American Walking Ponies originated with one American breeder, realtor Joan Hudson Brown of Macon, Georgia. She admired the looks and smooth gaits of the Tennessee Walking Horse and thought there should be a smaller version for children and small adults. Many ponies at the time were small enough and gentle enough for children, but were coarse-looking or were very bouncy to ride and could not compete with longer-legged ponies in shows.
Brown began the new breed in 1956 with Welsh stallions and Tennessee Walking Horse mares. She kept crossing the two breeds until in 1968 the palomino stallion BT Golden Splendor was foaled and became the foundation stallion of the new American breed. Not only was Brown the original breeder, she was also the founder of the American Walking Pony Registry. The number one pony of the breed was BT Golden Splendor’s dam, Browntree’s Flicka, a liver chestnut.
Of course, beauty is in the eye of the beholder, but American Walking Ponies are very handsome animals with bright eyes, thick manes and tails and long legs. From the Welsh side of the family, the ponies get their Arab-like heads, with wide nostrils and small ears. Many ponies also have arched necks. Their chests may look a bit narrow, but this does not detract from the smooth gaits. They have short backs to help power the hindquarters. They usually have thin, smooth coats.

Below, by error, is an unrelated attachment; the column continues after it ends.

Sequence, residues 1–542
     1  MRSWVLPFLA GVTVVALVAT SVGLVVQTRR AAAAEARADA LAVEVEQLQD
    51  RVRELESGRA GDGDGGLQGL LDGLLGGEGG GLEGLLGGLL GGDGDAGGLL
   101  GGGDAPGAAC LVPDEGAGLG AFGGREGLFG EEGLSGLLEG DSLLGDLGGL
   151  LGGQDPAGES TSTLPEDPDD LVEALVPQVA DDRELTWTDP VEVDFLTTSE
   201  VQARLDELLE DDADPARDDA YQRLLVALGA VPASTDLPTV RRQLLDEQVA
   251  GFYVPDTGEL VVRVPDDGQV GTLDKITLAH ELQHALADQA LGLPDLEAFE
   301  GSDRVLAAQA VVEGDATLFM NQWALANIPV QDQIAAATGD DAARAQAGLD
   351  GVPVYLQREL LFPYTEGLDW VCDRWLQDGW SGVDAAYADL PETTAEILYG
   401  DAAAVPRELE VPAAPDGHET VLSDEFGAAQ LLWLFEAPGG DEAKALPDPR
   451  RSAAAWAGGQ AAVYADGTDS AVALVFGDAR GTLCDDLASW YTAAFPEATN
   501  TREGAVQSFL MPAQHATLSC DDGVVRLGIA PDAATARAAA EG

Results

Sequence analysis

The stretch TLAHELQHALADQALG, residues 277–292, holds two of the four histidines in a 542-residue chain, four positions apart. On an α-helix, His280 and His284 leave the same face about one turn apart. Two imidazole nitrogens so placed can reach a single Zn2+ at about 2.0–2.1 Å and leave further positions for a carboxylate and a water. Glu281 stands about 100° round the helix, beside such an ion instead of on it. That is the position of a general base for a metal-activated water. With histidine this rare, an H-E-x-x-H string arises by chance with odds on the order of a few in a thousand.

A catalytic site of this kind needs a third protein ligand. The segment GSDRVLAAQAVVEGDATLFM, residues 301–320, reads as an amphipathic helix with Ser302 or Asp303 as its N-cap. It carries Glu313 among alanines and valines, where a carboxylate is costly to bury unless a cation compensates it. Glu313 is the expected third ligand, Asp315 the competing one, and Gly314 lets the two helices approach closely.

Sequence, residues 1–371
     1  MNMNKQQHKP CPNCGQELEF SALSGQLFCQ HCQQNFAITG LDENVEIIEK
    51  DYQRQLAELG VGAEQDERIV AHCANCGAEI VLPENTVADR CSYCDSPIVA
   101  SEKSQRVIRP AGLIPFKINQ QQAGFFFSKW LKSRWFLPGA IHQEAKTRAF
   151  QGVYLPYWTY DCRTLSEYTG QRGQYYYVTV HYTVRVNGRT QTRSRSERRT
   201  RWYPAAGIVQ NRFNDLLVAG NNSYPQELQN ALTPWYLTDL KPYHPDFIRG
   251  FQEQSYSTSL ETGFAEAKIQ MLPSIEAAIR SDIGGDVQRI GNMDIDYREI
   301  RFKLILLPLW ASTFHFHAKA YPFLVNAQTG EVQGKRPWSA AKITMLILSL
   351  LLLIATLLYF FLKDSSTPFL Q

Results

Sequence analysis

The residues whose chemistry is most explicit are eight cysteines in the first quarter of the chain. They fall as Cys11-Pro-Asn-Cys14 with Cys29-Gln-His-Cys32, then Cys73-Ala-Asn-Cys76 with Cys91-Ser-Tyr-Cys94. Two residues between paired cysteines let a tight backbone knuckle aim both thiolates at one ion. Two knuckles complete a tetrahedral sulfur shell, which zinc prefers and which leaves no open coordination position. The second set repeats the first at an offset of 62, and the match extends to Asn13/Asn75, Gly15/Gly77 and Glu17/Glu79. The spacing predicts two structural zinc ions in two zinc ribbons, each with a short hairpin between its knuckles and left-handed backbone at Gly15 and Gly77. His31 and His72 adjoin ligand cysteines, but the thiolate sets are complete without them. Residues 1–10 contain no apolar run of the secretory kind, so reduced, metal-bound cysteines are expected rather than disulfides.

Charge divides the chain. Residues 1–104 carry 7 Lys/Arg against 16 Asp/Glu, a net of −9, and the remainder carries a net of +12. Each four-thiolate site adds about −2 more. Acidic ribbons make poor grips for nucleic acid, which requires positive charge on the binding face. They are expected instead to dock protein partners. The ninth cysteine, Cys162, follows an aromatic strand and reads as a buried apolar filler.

The only colors not permissible in American Walking Ponies are those of any Appaloosa spotted patterns. They can go to another registration called Spotted Walking Ponies. Common colors in American Walking Ponies include various shades of chestnut, bay and dun.
The American Walking Pony not only had the smooth gaits of the Tennessee Walking Horse, but also great jumping ability – yet another present from the Welsh side of the family. They also make snappy harness ponies, but are intelligent enough to try just about anything asked of them.
Their gaits include the usual walk, trot and canter but they also have the pleasure walk, which is a smoother and faster version of a normal walk. Like a Tennessee Walking Horse, they tend to nod their heads performing these smooth gaits. Another gait has been coined the merry walk, which is a variation of the pleasure walk and much more comfortable to sit than a trot. American Walking Ponies have also been taught to slow gait and rack, although some seem to have a natural tendency to perform these smooth gaits.
According to “Storey’s Illustrated Guide to 96 Horse Breeds of North America” (University of Oklahoma Press, 2005), many of the owners of pony mares are reluctant to breed them because then the owners couldn’t ride them for a while. But the breed is growing steadily. In 2005, there were around 400 – 500 in the world. It is now estimated that at least 300 are still around. Although the American Walking Pony Registry was active up until 2005, it seems to have disappeared (at least on the web) after the 2008 world economic crisis.
“Storey’s Illustrated Guide to 96 Horse Breeds of North America.” Judith Dutson. Storey Publishing, 2005.
“International Encyclopedia of Horse Breeds.” Bonnie Hendricks. University of Oklahoma Press, 1995.
Browntree Horses. “Introduction.” Joan Hudson Brown. http://www.browntreehorses.net/index.php